To a computer, the words on this web page are meaningless. Quite literally, they carry no meaning.
From the servers this article is stored on to the web browser that you're reading it in, as far as most Web technologies are concerned, this article is simply a collection of letters, numbers and punctuation in a particular order.
That's where the Semantic Web comes in.
The Semantic Web, as the name suggests, is all about meaning – adding an additional layer of information on top of online data to make it more meaningful to both humans and computers.
What does that mean in practice? That depends on who you ask.
For some, it's the next big thing, an online revolution that will completely change the way we live our lives online. For others, it's marketing hype built around a natural evolution of the web.
Some have predicted that the Semantic Web will bring about the rise of intelligent personal web assistants that can search and filter information, scheduling appointments, booking travel, and making sense of the world for us.
Others feel that the Semantic Web is simply a better alternative to existing kinds of databases and spreadsheets that sit on corporate computers all around the world.
The bottom line: The Semantic Web means many things to many people, and therein lies the irony. It's an online movement focused on adding meaning, but its own meaning is far from clear.
The need for structured information
"The idea of the Semantic Web is pretty old," says Sander Koppelaar, head of operations at Silk, an online Semantic Web creation tool. "It's been around longer than most people have known the web."
The term was first coined by Tim Berners-Lee, the inventor of the World Wide Web. In 2001, Scientific American published an article by Mr. Berners-Lee and his colleagues, James Hendler and Ora Lassila, in which they outlined their vision.
"The Semantic Web is not a separate web but an extension of the current one, in which information is given well-defined meaning, better enabling computers and people to work in co-operation."
For the Semantic Web to work, they wrote, online information needs to be "structured."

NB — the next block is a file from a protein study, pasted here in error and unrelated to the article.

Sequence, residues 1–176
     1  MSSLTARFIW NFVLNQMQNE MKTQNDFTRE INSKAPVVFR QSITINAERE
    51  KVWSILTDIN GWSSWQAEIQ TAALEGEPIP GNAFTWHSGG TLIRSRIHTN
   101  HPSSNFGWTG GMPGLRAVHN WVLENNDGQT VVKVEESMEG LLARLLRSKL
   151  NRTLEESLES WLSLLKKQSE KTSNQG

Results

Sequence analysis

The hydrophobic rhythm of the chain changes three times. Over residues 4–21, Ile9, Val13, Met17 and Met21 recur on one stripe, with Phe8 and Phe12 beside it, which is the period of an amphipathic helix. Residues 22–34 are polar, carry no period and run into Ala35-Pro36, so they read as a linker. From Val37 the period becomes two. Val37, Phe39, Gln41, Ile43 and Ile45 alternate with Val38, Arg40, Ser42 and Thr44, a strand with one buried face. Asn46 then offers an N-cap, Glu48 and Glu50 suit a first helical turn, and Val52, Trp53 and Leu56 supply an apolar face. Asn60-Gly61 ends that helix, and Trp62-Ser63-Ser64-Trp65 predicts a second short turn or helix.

The problem is that a huge amount of the information online is unstructured. For example, take this sentence: "Stephen Harper was born on April 30, 1959, to Margaret and Joseph Harris Harper."
Most English-speaking humans have no trouble extracting meaning from that sentence. We can understand that Stephen Harper is a person with a mother and a father and a birthday.
However, a computer doesn't know that Stephen Harper is the name of a person. It doesn't know that 1959 is a year, or that there's a relationship between Stephen, Margaret and Joseph. It doesn't know what it means to be born, or to be a son, mother or father.
So the Semantic Web aims to add meaning by structuring information in a way that computers can understand, and by defining relationships between bits of information.
Using that example, it allows us to tell a computer that Stephen Harper is the name of a person, and that April 30, 1959, is a date. It also allows us to tell the computer that those bits of information are connected: April 30, 1959 is the birth date of a person named Stephen Harper.
This semantic approach allows bits of information to be interconnected in new ways, and, as Mr. Berners-Lee explained onstage during a 2009 TED Talk, interconnectedness adds value and utility to information.
"The really important thing about data is the more things you have to connect together, the more powerful it is," he said.
Silk's Mr. Koppelaar agrees: "There's this extra layer that enables you to use information in a much smarter way."
Not here yet, but coming
Though the concept of the Semantic Web has been around for more than a decade, real-world applications are still in their infancy.
"It's still the early adopters that are at our doors," says Frédérick Giasson, a Québec City-based computer scientist and co-founder of Structured Dynamics, a firm that specializes in Semantic Web technologies.
Even if you use a Semantic Web technology, you might not recognize it as such. Mr. Giasson says that usually, these technologies quietly power things behind the scenes, and often remain unseen by end users.
There are exceptions, however.
For example, Google recently announced Knowledge Graph, an effort to improve search results by applying semantics. Mr. Giasson points to both Wolfram Alpha and Apple's Siri as well-known services that use semantic approaches.
Though large technology companies have been among the first to adopt Semantic Web technologies, businesses of all sizes and shapes can potentially benefit from a semantic approach. Rather than a single set of tools or techniques, the Semantic Web has a broad range of applications for many different types of problems.
This series will look at the opportunities and challenges that the Semantic Web brings to small business, both inside and outside the firewall.
Special to The Globe and Mail
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